Cuomo’s agenda has helped elevate Legislature
We all know that Andrew Cuomo has an amazing seventy-plus percent approval rating. That’s one grade, but as a professor, I’m allowed to give grades, too. I would give him a B for his ethics regulations which did not go far enough in providing us necessary information and gave the Senate Republicans undue influence in choosing who would sit on the state ethics panel. He deserves an A for his honcho-ing of marriage equity. He not only earned that A but he received a lot of campaign cash from those who pushed the bill.
Unfortunately, he gets a D minus for his collaboration with his Department of Environmental Conservation on a very dangerous hydrofracking policy that could potentially bring a lot of needed revenue into state coffers but have a terrible impact on much of the state’s drinking water. Don’t worry, if you live in New York City or Syracuse your water will be protected but if you live anywhere else in the state, your kids may have to drink water that has been compromised (another word for poisoned) by the dangerous chemicals that are used in the fracking process. To those who might end up with a little benzene in their water, the governor seems to be saying, “Tough noogies.” Maybe the people who live in the unprotected area will have to buy bottled water for their kids. I know I would.
The tax cap that has been imposed by the governor and the Legislature is a work in progress. Since we don’t really know about the unintended consequences to the state’s cities and villages that will have to make drastic cuts in education, health care and road building among other services, we’ll have to give the governor an incomplete on that one.
Ironically, according to the prestigious Siena Poll, Cuomo gets a very high grade for helping his fellow politicians, the denizens of the Legislature. It turns out that for all these years, the Legislature has been very badly regarded by the state’s population. As any three year old can tell you, the people hate the Legislature but they love their own representative. Like the old Soviet Union, the Legislature practices something called “Democratic Centralism.” That means that theoretically the members elect a leader who then has tremendous power to set the agenda and rule in a pretty much dictatorial fashion. Sometimes the leader does very good things but when it comes to the perks of the Legislature (turning the public good into the personal good), his job is to protect the interests of the members who make out like bandits. In other words, the leader takes the heat. That’s why it has been so hard to get a decent ethics bill, for example. But along comes Cuomo and quite correctly reads the public mind and insists on ethics reform. As noted above, he compromises a little too much but he gets his bill. He gets his tax cap, he gets a “no texting while driving bill” and he gets a huge public approval rating. But the pollsters also note that the ratings of the Legislature (which most people love to hate) go up, too. In other words, by insisting on progress the governor has actually helped the Legislature win greater public approval. It turns out that when they stop acting like adolescent kids in a game of chicken, the people notice and like it.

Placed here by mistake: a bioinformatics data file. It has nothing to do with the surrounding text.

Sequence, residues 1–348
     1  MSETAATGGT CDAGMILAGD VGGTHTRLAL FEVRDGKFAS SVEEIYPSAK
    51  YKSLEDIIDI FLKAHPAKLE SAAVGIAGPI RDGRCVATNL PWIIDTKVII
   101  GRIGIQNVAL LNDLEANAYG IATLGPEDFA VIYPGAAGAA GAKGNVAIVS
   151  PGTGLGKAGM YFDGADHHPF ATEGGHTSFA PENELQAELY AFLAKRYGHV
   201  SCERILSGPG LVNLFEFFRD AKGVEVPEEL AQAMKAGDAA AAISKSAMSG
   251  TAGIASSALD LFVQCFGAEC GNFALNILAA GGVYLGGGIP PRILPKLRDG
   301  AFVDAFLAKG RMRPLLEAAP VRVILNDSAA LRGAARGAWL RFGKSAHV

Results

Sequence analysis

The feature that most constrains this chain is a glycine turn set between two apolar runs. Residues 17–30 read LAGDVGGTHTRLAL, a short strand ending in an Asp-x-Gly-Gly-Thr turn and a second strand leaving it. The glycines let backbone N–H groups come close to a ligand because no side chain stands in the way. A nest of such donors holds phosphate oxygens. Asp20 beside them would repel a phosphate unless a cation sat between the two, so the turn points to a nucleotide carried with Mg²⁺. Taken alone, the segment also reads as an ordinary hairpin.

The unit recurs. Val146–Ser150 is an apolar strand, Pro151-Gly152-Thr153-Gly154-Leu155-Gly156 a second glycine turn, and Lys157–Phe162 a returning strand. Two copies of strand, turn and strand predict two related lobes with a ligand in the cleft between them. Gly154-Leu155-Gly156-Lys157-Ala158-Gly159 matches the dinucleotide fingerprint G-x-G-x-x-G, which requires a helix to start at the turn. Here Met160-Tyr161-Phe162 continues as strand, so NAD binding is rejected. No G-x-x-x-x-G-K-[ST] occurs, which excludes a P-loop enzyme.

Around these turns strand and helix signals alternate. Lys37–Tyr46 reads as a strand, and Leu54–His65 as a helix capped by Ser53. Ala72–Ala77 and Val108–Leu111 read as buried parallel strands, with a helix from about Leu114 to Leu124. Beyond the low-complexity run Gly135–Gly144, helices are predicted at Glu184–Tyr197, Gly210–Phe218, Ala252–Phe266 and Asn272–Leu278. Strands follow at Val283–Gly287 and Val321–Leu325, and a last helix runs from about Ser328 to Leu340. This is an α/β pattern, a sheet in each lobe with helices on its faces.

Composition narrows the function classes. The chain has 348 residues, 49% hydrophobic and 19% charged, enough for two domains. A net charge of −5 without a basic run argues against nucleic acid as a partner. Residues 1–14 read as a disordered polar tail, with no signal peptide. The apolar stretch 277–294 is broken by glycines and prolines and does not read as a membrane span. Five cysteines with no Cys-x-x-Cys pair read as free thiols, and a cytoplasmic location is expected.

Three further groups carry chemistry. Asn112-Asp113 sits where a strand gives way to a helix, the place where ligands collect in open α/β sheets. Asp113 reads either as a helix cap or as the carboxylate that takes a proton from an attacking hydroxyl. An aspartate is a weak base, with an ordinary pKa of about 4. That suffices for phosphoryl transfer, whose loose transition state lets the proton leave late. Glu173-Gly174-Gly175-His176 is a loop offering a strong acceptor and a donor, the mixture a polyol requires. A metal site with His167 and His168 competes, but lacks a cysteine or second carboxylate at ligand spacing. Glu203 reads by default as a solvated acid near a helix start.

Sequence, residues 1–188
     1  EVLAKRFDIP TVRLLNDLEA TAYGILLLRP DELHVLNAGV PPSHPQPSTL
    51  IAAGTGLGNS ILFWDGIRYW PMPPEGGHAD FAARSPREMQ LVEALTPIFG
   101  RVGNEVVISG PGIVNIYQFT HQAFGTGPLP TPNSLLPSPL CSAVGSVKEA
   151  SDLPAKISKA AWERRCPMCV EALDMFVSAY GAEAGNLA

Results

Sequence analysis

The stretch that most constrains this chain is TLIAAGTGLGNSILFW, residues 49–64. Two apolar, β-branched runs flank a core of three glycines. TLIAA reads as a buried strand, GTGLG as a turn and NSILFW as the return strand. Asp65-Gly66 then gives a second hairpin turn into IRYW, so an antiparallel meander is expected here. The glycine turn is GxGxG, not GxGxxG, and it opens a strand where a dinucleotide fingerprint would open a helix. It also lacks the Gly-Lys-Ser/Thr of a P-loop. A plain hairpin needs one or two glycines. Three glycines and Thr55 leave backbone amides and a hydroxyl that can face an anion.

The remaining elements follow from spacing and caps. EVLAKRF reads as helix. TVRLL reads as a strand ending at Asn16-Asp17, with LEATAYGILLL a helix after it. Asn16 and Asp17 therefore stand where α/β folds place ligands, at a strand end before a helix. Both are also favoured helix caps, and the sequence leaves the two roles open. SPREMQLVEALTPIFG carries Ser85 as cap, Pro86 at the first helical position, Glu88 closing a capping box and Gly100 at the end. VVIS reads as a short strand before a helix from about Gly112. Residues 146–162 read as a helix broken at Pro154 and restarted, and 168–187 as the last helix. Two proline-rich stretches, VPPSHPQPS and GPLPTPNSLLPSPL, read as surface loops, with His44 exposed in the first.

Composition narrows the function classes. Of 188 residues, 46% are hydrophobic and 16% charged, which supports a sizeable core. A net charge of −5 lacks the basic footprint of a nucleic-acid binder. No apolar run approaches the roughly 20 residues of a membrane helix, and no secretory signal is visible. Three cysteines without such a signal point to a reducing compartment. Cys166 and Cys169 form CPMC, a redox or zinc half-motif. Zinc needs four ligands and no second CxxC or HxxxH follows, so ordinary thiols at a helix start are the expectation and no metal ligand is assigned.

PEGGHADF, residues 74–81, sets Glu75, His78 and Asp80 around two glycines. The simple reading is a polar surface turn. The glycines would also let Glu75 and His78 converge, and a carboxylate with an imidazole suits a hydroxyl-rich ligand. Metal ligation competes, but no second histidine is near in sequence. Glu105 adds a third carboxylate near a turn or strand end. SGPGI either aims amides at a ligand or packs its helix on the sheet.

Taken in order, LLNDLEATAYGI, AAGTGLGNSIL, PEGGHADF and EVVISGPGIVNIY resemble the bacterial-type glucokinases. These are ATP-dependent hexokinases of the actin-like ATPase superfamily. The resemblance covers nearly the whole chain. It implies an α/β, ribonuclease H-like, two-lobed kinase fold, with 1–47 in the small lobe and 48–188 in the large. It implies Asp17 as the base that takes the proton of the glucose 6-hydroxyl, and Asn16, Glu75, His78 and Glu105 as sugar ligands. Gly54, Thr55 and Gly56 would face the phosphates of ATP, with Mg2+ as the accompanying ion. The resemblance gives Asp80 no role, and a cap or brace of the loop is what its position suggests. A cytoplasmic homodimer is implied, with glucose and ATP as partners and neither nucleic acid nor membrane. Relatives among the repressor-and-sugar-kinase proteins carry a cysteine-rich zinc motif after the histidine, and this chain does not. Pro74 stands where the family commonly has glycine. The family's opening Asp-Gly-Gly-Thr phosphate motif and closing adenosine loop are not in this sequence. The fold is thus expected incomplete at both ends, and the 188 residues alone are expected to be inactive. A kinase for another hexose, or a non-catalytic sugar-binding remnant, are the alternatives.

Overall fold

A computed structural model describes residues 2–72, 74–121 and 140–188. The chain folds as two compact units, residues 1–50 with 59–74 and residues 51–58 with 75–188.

Now the governor will have to make them behave when it comes to redistricting. He will veto their self-serving gerrymandering and leave it to the courts that can’t help but draw fairer lines than these people creating their own incumbent protection districts. What we really need is a commission comprised of distinguished judges or professors (I will not serve) to do that work. The Legislature, seeing the train coming down the track, might opt for a commission rather than take their chances with a judge who might do even more damage to them. Ironically, Cuomo will get credit for that too and the Legislature will get even higher grades. In other words, it turns out that Cuomo has saved them from their own base instincts. Go figure.
Originally published in the Legislative Gazette, 7/18/11